Whatever the gig, if you've been given directions or a time-frame of what, and what NOT to shoot, follow these simple directions. Example; If you're shooting a concert and were given the first 3 songs..., you shouldn't start shooting before the first note, and stop shooting on the last note of that 3rd song. Trust me, if you don't have enough of 3 songs to get a few good pics, you have no business being there! Worst... I've seen Photogs buy themselves tickets in the first 3 rows, and shoot the entire gig with their smuggled-in DSLRs, then create fake accounts, and posting them on their site, as if "Fans" had provided the images! Yes, that's low, and it makes us ALL look bad.
7. Don't submit free images to another photogs client! If you're covering an event for a media, don't go giving your shots for free to the end user. First, you're prostituting the market, and killing the industry (in addition to not making a very good name for yourself). Secondly, chances are, the end user has enough budget to pay for those images. Let's all take a few minutes to think about why photogs were making more income 20 years ago than today. Sad, but true.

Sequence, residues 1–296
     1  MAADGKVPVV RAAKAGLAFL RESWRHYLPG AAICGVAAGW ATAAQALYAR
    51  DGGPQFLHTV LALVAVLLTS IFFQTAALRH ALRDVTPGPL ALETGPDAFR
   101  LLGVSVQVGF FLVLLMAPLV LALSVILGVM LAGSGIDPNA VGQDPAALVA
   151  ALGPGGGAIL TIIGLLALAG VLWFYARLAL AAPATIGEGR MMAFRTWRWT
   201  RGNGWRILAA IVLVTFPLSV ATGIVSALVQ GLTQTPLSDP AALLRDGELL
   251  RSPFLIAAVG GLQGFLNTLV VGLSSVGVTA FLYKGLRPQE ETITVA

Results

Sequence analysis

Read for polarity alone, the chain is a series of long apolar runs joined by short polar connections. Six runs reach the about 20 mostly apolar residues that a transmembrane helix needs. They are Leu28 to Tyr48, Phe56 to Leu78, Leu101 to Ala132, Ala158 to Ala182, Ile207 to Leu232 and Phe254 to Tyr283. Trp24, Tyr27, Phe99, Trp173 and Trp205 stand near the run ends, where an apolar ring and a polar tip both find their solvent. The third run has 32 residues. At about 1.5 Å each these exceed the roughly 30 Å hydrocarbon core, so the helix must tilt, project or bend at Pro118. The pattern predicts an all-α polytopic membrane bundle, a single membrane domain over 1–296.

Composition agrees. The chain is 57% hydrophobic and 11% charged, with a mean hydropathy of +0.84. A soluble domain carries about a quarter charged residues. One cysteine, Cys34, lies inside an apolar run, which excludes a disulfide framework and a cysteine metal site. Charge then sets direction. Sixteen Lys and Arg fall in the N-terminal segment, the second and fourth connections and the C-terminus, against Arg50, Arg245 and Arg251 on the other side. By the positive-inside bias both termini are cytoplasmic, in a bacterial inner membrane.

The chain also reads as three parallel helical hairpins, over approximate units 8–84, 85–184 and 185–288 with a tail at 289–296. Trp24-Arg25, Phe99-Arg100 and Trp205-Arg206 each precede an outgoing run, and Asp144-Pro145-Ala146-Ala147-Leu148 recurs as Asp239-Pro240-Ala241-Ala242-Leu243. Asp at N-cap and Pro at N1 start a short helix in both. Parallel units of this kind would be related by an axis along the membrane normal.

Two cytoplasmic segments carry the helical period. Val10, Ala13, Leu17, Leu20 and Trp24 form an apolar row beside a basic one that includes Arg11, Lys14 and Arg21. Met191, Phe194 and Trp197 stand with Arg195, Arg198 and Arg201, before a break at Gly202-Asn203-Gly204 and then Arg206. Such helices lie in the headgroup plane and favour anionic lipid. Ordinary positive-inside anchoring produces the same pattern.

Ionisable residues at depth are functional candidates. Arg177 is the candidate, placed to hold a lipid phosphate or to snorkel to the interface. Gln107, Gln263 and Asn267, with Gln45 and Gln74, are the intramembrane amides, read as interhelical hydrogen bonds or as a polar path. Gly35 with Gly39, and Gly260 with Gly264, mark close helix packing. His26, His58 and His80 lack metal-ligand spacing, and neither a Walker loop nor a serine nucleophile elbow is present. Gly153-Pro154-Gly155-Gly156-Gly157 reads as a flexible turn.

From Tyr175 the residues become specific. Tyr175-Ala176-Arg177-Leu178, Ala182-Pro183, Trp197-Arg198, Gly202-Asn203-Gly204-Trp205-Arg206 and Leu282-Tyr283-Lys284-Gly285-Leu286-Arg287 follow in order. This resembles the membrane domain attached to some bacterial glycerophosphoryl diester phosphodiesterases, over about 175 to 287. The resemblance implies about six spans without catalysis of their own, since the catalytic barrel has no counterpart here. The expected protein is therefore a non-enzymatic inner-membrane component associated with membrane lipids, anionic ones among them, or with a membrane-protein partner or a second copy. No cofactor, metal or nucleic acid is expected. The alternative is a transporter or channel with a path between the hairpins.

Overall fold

8. If you're getting paid, pay those working for you! This is especially true for MUA & Stylists. As a photographer, you don't expect to work for free, so please, make sure that those who work for you, are also well compensated for the great work they do. Without them, you wouldn't obtain the same results.